Findings from some very interesting studies have been released over the past few days and the conclusions might be cause for some to worry.
One study was conducted to determine the effects of prolonged periods of sitting on our bodies. As more and more people are sitting for roughly 8-hours a day for their jobs, the effects are being noted in our overall health and in death statistics.
A recent Medical Journal study showed that people who sit for most of their day are 54% more likely to die of a heart attack. 17,000 men and women were studied for this research, and alarmingly the conclusion also states that it made no difference whether the participants were smokers or non-smokers.
Another study recently completed by researchers at University of Queensland in Australia states that for every hour of television you watch after the age of 25, your lifespan is reduced by 22 minutes. So, if you watch six hours of TV per day you will, on average, live five years less than people who spent less time on the couch and in front of the television screen. The study tracked data from 11,000 Australian participants over the age of 25.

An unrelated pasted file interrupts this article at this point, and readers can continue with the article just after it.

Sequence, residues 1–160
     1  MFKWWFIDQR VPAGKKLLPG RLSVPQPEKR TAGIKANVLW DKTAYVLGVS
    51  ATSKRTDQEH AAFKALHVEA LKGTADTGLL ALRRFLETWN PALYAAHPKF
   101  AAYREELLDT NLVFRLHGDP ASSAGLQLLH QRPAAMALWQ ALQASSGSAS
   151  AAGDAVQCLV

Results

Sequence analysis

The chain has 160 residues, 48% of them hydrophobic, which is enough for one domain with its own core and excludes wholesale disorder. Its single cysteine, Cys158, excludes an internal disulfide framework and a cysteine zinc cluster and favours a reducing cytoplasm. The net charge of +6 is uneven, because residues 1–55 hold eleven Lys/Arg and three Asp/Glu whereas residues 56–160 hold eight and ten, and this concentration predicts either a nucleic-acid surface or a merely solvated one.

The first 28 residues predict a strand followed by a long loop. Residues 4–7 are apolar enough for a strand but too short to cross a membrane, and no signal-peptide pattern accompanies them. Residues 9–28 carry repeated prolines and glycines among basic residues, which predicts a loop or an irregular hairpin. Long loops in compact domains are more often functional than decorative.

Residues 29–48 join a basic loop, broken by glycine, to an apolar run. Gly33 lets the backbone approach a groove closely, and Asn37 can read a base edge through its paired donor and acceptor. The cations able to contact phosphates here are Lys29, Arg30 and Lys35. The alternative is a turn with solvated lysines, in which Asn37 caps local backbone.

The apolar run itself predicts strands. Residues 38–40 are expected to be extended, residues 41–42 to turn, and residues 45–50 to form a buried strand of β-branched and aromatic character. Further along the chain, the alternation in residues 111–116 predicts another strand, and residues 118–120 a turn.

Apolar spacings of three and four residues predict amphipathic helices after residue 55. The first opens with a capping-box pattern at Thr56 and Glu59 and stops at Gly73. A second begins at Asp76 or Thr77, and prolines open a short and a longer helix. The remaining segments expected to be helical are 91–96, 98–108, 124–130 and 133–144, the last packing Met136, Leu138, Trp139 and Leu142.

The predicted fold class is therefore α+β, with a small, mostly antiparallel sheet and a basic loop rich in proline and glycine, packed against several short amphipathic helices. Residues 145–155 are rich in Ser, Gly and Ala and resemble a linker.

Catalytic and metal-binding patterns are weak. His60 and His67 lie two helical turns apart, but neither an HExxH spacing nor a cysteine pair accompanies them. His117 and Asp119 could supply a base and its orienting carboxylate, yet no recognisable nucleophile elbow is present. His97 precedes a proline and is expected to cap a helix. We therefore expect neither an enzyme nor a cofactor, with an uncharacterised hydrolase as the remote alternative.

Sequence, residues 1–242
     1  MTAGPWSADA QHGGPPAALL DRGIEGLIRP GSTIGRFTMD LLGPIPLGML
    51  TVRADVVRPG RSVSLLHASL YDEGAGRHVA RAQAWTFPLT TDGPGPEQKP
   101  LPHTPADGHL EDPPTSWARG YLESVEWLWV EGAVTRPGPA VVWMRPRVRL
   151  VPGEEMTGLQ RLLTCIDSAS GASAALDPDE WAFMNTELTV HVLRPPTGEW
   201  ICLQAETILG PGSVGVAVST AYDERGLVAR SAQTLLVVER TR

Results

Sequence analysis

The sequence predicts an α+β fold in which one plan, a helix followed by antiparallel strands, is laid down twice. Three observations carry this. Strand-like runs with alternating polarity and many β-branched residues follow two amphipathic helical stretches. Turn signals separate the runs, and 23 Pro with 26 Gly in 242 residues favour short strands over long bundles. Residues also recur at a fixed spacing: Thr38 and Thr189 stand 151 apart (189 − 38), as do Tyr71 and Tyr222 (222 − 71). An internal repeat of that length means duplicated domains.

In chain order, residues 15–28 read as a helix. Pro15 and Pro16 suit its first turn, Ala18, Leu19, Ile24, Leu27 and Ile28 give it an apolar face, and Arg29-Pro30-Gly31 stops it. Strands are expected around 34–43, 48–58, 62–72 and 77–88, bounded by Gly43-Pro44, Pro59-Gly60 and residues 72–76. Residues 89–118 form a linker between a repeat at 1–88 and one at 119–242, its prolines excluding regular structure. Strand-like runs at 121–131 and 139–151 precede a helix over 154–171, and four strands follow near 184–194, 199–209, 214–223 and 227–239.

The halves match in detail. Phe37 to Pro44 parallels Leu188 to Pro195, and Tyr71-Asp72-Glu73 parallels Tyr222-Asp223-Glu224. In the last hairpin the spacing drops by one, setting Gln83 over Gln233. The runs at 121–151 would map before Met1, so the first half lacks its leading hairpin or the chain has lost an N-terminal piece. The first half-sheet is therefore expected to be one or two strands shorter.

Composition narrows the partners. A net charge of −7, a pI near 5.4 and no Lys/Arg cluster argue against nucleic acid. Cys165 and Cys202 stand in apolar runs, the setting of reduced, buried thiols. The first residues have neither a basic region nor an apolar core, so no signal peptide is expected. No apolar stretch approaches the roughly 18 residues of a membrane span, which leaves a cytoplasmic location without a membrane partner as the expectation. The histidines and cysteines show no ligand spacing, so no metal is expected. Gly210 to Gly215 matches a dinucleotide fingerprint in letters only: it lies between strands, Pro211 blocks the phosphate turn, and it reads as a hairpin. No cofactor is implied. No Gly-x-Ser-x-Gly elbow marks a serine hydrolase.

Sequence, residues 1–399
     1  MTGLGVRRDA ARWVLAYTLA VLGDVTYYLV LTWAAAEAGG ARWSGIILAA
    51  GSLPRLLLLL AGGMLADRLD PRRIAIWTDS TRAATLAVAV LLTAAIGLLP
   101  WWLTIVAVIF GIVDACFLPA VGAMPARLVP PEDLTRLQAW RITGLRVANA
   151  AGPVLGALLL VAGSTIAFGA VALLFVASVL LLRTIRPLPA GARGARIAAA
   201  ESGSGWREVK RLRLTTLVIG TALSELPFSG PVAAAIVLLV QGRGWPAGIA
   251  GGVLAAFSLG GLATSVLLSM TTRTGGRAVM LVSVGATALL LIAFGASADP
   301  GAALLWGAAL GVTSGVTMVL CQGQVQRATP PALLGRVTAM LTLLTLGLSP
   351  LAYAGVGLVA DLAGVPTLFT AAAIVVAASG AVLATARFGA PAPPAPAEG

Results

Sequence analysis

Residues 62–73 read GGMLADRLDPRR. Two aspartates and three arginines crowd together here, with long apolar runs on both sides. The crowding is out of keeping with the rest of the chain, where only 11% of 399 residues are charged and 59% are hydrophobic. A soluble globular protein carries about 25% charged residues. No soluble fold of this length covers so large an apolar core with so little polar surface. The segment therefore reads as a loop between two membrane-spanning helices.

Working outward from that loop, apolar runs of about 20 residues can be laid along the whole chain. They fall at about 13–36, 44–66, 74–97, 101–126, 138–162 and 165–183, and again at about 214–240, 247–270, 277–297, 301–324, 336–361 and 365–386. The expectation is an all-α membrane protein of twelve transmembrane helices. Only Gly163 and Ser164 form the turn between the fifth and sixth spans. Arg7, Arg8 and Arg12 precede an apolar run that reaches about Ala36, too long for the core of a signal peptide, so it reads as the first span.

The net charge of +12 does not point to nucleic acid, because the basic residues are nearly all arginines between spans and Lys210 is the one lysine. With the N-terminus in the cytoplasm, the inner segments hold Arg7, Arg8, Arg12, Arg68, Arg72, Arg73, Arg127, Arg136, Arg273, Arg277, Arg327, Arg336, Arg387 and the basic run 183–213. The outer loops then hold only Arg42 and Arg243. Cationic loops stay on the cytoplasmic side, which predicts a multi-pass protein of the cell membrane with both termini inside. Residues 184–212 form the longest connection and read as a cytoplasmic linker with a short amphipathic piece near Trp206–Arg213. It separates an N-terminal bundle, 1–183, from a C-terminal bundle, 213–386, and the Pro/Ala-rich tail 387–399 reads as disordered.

If that is not worrisome than I don't know what is.
And lastly, a study titled "Do Nice Guys -- and Gals -- Really Finish Last? The Joint Effects of Sex and Agreeableness on Income," by Timothy A. Judge of the University of Notre Dame, Beth A. Livingston of Cornell University and Charlice Hurst of the University of Western Ontario, was recently published in the Journal of Personality and Social Psychology.
This report, which only applies to men, states that men who are agreeable and pleasant in their place of employment make lower wages and get overlooked for promotions. Men who are described as "disagreeable" and "goal-driven" apparently make more money and are promoted more often than their counterparts.
In conclusion, invest in a stand-up desk, turn off the TV and go make your opinion heard at work! (in a nice way though, please)